There is a need to design an architecture that can handle this bandwidth, while minimizing the risk, power, and size of the satellite repeater, and hence the overall satellite architecture. The risk associated with selecting a particular digital processor is determined by the bandwidth to be processed. For example, a lower power processor capable of processing 25 MHz of bandwidth that incorporates standard space-qualified hardware is much less risky to employ than a higher power 200 MHz processor that may include components and elements that have not been previously proven in space.
In FIG. 1, a prior art digital satellite repeater is shown, having one-to-one correspondence between uplink beams and digital processors. In this figure, each uplink beam (1-N) is shown connected to an individual receive element 10 of an antenna. As described below in the detailed description, multiple uplink beams could be connected to each receive element 10 in a process known as beamforming.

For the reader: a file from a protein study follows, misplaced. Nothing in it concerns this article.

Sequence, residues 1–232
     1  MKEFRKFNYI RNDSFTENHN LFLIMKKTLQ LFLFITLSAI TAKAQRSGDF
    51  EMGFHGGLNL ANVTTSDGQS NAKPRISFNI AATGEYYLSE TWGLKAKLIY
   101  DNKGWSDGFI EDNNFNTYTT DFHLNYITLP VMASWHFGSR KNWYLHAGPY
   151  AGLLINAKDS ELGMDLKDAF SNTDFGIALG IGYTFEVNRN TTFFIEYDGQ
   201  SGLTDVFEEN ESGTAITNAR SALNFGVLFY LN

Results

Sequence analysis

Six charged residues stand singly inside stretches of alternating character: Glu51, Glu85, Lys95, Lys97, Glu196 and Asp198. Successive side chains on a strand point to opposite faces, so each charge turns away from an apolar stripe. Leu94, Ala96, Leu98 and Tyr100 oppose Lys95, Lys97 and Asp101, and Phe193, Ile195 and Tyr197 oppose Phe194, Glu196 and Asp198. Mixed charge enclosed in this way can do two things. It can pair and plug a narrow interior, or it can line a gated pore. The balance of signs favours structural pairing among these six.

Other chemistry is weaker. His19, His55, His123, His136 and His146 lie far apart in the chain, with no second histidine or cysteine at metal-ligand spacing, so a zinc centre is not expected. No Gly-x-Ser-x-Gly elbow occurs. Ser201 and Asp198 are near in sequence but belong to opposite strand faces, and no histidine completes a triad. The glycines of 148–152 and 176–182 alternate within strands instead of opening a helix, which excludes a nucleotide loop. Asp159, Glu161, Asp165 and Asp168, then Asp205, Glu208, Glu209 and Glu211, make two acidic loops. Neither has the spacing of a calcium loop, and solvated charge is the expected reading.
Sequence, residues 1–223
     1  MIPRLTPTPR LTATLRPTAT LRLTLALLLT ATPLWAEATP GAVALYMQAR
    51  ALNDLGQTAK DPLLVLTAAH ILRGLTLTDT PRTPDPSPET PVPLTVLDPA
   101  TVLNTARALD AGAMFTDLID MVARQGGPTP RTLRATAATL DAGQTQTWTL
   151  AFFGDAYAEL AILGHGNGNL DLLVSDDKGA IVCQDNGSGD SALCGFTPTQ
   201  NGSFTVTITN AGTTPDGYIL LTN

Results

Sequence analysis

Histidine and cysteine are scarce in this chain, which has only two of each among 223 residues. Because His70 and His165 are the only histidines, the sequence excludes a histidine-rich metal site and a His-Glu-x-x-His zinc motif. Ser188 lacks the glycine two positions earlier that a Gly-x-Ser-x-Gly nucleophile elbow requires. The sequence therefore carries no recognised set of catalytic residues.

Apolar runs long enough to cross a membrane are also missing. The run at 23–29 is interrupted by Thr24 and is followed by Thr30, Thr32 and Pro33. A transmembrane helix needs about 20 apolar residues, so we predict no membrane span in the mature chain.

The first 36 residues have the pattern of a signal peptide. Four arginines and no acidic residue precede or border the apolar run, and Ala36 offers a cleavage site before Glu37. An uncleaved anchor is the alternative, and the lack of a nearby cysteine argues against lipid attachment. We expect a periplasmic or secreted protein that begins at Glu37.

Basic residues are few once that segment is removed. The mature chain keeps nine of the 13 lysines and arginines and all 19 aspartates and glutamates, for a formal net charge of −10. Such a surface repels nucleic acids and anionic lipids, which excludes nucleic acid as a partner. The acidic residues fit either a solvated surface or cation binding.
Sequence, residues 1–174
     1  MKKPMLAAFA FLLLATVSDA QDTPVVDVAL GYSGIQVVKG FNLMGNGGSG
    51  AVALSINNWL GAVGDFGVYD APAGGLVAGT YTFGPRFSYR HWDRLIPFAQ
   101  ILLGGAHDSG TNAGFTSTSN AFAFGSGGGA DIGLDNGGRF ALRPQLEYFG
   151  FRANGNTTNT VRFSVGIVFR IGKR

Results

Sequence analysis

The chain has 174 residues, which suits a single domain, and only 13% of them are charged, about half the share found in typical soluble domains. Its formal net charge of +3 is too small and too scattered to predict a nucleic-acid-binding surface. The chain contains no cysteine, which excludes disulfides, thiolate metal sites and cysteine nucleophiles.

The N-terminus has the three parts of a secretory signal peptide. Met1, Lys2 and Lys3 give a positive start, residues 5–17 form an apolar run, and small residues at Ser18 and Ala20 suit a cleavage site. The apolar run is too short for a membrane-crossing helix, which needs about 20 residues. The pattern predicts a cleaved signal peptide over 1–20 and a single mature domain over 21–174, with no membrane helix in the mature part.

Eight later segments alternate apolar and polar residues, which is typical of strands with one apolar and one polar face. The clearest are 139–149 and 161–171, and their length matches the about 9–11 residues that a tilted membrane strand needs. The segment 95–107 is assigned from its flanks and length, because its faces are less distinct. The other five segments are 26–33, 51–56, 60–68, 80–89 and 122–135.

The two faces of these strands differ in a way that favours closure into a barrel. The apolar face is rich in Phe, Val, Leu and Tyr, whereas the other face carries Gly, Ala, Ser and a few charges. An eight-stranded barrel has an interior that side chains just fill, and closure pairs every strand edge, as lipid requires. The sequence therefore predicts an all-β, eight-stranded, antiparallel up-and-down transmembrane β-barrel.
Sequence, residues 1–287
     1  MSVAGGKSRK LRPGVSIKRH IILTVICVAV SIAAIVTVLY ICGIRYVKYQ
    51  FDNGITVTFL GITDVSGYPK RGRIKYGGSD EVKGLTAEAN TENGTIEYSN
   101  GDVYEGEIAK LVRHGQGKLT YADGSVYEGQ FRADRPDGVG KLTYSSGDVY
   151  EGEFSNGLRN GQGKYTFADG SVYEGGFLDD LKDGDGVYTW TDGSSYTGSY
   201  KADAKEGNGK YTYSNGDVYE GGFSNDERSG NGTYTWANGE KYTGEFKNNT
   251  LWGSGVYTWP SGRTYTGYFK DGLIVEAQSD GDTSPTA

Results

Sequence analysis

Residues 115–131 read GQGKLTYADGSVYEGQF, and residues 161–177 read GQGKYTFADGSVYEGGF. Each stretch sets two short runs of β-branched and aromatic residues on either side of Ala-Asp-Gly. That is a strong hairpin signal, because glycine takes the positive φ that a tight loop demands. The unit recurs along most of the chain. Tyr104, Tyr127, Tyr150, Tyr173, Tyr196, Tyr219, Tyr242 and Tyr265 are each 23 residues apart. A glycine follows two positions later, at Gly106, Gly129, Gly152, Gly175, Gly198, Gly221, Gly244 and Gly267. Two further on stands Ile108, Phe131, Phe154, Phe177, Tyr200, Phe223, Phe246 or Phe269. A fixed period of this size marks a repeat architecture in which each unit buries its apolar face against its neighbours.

A receiver 12 is connected to the receive element 10 and receives signals covering a certain bandwidth of a given beam from an associated antenna by filtering the desired bandwidth to remove unwanted out-of-band signals and noise, and downconverting to a common intermediate frequency for all beams. This entire bandwidth is routed to mixer 16, where the received RF signal is downconverted to a baseband signal by mixing with a fixed signal from a local oscillator 14. The baseband signal is filtered by an Image Rejection Filter (IRF) 18, which is a low pass filter that eliminates the higher frequency image that is a byproduct of the frequency downconversion process. All of the carrier signals that comprise the beam are routed to one of N digital processors 20 which perform analog to digital conversion and other digital processing, such as demodulation, switching, etc.